Air Canada (TSX:AC) is a proven long-term winner. In 2012, the stock was under $1. By 2019, it surpassed $50. Patient investors made 50 times their original investment.
Of course, all of this was before the pandemic hit. As an airline, Air Canada was crushed. Business and leisure travel plummeted, and on most metrics, haven’t returned.
Now priced at $16, shares could triple if conditions improve. But if you want to triple your money, don’t buy Air Canada stock.
Don’t buy this stock
Everyone is betting on airlines these days. They’re betting these stocks will either skyrocket in value or go completely bankrupt. There really aren’t many futures in between.
The reason is simple: these are highly-leveraged, fixed-cost businesses that can’t burn money forever.
Last quarter, Air Canada lost more than $1 billion. The quarter before that, it also lost more than $1 billion. This business is a black hole for money right now, and it’s not hard to see why. Passenger traffic is down by 96%.
The problem is that things won’t get better any time soon. Polls show that 85% of Canadians want to keep travel restrictions in place. Plus, we’re still at least 12 months away from a fully distributed vaccine. In reality, it could still be years. Meanwhile, Air Canada only has nine quarters of liquidity left.
The funny thing is that part of Air Canada is actually growing. It’s a small segment, so it won’t bail out the company, but this startling data point can help you figure out how to profit elsewhere.
Ditch Air Canada for this
Airline traffic is plummeting, but it’s primarily caused by declining passenger volumes. Cargo traffic, however, is increasing. It turned out that the pandemic is moving a ton of physical retail sales over to digital. Consumers are shopping online more than ever.
“Add Air Canada and IAG Group, parent of British Airways, to the list of passenger airlines that significantly increased cargo revenues in the second quarter even as the coronavirus crisis otherwise destroyed the industry’s finances,” reports FreightWaves.
But remember: cargo only constitutes a tiny fraction of revenue for passenger airline stocks. If you want to capitalize, buy Cargojet (TSX:CJT).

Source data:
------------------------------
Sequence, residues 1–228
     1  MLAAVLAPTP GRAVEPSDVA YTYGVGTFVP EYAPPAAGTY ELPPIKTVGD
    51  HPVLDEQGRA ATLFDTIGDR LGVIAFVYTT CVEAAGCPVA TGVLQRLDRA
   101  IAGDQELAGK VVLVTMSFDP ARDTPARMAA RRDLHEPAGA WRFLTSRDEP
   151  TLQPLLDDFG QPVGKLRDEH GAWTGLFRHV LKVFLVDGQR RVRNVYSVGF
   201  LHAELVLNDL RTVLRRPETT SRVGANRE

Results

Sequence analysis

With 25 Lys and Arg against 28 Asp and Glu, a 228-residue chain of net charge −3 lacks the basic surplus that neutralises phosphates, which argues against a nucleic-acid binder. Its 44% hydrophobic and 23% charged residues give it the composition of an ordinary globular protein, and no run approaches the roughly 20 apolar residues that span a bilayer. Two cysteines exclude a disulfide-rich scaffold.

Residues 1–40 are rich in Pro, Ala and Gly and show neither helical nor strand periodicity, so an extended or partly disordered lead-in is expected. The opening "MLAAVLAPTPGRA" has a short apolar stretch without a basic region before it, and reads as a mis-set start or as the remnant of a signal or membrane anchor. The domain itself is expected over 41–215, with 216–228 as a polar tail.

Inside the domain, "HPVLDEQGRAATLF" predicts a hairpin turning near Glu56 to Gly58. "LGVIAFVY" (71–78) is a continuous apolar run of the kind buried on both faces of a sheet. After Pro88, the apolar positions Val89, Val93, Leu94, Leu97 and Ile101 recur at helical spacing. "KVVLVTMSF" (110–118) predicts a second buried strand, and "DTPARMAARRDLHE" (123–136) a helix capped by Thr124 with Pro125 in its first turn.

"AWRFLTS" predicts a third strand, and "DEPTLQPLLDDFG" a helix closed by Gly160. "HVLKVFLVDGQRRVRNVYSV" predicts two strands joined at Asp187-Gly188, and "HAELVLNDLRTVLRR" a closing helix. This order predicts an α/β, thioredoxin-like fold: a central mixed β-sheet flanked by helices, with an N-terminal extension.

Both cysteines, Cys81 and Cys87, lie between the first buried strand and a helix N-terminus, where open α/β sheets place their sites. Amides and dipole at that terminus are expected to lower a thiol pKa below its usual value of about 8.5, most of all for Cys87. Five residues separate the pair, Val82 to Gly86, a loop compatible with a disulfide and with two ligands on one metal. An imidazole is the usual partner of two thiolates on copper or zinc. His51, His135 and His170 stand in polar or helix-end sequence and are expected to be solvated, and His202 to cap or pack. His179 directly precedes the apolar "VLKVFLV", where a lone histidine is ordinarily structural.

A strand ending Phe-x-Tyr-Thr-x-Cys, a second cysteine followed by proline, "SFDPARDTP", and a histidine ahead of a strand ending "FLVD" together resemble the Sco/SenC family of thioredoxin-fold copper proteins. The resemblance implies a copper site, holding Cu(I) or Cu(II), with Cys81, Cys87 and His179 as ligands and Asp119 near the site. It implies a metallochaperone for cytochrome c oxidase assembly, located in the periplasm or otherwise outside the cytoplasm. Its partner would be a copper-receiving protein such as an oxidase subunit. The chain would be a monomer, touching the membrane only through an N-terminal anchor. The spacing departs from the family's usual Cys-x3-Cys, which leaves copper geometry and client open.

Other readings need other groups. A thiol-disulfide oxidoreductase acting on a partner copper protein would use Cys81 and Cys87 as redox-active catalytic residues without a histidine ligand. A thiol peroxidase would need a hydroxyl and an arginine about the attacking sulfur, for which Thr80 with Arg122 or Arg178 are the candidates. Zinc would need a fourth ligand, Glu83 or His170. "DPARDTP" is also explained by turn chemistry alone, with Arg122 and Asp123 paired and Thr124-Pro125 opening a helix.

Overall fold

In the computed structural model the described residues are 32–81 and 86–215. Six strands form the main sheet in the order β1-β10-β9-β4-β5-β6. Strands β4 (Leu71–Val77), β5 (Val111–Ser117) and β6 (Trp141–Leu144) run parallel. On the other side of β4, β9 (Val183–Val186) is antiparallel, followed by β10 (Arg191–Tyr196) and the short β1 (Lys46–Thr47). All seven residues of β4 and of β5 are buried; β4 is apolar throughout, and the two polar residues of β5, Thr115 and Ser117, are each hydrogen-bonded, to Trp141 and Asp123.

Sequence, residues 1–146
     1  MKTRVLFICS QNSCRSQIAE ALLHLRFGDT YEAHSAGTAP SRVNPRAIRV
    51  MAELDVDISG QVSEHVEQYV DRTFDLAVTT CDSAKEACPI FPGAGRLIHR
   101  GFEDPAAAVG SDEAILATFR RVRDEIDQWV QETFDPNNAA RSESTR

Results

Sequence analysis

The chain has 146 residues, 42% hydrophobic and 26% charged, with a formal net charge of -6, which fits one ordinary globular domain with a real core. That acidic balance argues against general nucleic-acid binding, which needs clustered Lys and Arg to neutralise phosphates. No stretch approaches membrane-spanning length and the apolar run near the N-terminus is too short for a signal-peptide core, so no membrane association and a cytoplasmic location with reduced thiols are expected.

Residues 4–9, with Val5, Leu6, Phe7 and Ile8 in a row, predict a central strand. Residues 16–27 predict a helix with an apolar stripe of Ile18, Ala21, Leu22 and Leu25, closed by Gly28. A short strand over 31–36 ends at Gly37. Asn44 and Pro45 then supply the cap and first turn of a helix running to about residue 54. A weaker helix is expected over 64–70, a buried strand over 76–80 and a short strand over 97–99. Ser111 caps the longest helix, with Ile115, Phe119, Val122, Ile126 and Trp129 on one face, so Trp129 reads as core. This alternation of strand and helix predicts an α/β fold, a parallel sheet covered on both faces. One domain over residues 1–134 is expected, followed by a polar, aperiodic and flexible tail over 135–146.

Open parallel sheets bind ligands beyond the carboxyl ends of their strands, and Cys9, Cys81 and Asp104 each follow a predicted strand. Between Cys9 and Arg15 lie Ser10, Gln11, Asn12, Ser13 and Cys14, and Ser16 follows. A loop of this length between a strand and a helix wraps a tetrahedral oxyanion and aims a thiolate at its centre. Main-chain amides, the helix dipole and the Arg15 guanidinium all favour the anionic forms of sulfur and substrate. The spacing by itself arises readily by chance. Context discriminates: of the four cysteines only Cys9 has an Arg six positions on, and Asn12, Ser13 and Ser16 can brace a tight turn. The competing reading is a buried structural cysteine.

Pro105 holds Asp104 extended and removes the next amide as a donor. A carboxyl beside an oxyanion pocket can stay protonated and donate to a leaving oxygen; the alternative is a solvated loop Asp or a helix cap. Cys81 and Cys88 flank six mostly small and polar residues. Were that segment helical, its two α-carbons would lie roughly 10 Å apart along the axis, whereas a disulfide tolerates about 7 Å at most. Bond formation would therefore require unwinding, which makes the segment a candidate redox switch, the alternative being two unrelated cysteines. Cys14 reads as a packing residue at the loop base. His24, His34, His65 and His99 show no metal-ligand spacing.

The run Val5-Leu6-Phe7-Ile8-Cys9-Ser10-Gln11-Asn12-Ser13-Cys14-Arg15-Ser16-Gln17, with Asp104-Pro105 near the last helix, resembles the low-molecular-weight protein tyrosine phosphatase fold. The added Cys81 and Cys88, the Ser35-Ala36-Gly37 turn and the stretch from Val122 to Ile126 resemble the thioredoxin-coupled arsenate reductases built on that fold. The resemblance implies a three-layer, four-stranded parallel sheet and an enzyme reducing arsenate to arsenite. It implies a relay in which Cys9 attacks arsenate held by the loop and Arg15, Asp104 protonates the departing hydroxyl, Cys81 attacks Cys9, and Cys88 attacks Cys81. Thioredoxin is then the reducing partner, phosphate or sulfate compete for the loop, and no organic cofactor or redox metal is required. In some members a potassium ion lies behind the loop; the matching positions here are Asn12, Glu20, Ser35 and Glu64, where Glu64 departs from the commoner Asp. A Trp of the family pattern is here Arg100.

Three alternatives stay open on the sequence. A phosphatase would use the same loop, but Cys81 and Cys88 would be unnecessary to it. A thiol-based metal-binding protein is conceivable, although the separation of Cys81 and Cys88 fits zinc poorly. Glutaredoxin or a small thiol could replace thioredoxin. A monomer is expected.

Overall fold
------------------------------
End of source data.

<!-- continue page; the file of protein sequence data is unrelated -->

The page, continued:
Cargojet flies under the radar in the investing community because it only ships cargo. It is the largest overnight cargo carrier in Canada, with a stranglehold on the market.
If you want to ship packages fast in Canada, you need to go through Cargojet. Online retailers know this. That’s why Amazon bought nearly 10% of the company’s stock last year. It can’t afford not to have a seat at the table.
The best part about this bet is that you’re insulated from another coronavirus surge. Health risks occur when passengers are present, but packages can always be shipped safely. Air Canada can never ensure complete safety for its customers. Cargojet’s customers — mainly boxes — can’t even get sick.
Cargojet is in a position of power, and its profits should grow every year through 2030. Airline stocks like Air Canada, meanwhile, could go bankrupt by the end of 2021, if not sooner. The choice is clear.
Find more stocks like Cargojet on the list below.
Renowned Canadian investor Iain Butler just named 10 stocks for Canadians to buy TODAY. So if you’re tired of reading about other people getting rich in the stock market, this might be a good day for you.
Because Motley Fool Canada is offering a full 65% off the list price of their top stock-picking service, plus a complete membership fee back guarantee on what you pay for the service. Simply click here to discover how you can take advantage of this.
John Mackey, CEO of Whole Foods Market, an Amazon subsidiary, is a member of The Motley Fool’s board of directors. David Gardner owns shares of Amazon. The Motley Fool owns shares of and recommends Amazon and CARGOJET INC and recommends the following options: short January 2022 $1940 calls on Amazon and long January 2022 $1920 calls on Amazon. Fool contributor Ryan Vanzo has no position in any stocks mentioned.